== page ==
Sask. Party, NDP dispute over child care commitments in province

The Saskatchewan NDP’s economy and jobs critic wants the Saskatchewan government to step up its support for child care in the province.

During Tuesday’s question period session at the Saskatchewan legislature, Aleana Young called on the Saskatchewan Party government to create new child care spaces and help lower fees to assist women and men to return to work. She noted how thousands of out-of-job residents could find jobs and contribute to the province’s economy if those child care supports are available to them.

Young said child care has been a mess in Saskatchewan for years.

“The premier and ministers like to talk about keeping the economy open, and the only reason the economy is open is because parents are working full-time jobs and are providing child care,” she stated following question period.

Following the federal government’s $27.2-billion commitment towards child care over the next five years in Monday’s budget, Young added that child care is economic infrastructure.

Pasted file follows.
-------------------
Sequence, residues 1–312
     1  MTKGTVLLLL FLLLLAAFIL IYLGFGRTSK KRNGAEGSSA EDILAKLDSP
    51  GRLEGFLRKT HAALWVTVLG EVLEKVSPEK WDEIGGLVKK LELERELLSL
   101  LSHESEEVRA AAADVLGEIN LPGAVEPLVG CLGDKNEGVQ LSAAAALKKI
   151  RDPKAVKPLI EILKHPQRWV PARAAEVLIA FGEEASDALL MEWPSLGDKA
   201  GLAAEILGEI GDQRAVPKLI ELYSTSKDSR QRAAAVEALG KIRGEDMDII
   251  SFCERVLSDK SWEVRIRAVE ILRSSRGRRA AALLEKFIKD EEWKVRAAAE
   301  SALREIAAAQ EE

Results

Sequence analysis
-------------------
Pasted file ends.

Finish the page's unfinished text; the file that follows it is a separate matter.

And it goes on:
“I found (Monday’s) announcement refreshing and decades overdue,” she started. “If we need to invest in child care in order to ensure that people can fully participate in the economy, then good because it is about time.”

She also called on the Sask. Party government to make sure federal money to boost child care will not be left on the table.

Education Minister Dustin Duncan said he will be having discussions with the federal government in the coming days to learn more about how the funding will benefit Saskatchewan moving forward.

One of the things his government wants to make sure in regards to this new funding is how flexible Ottawa will be when it comes to unique situations across the country.

“We all have different issues that we need to address when it comes to child care capacity in the provinces, but they are not all equal,” mentioned Duncan. “Certainly, when you look at the cross-Canada comparison, affordability would likely rank higher in some of the major centres.”

Duncan added that the provincial government is continuing to develop 176 home care spaces and 51 new centre spaces in the province.

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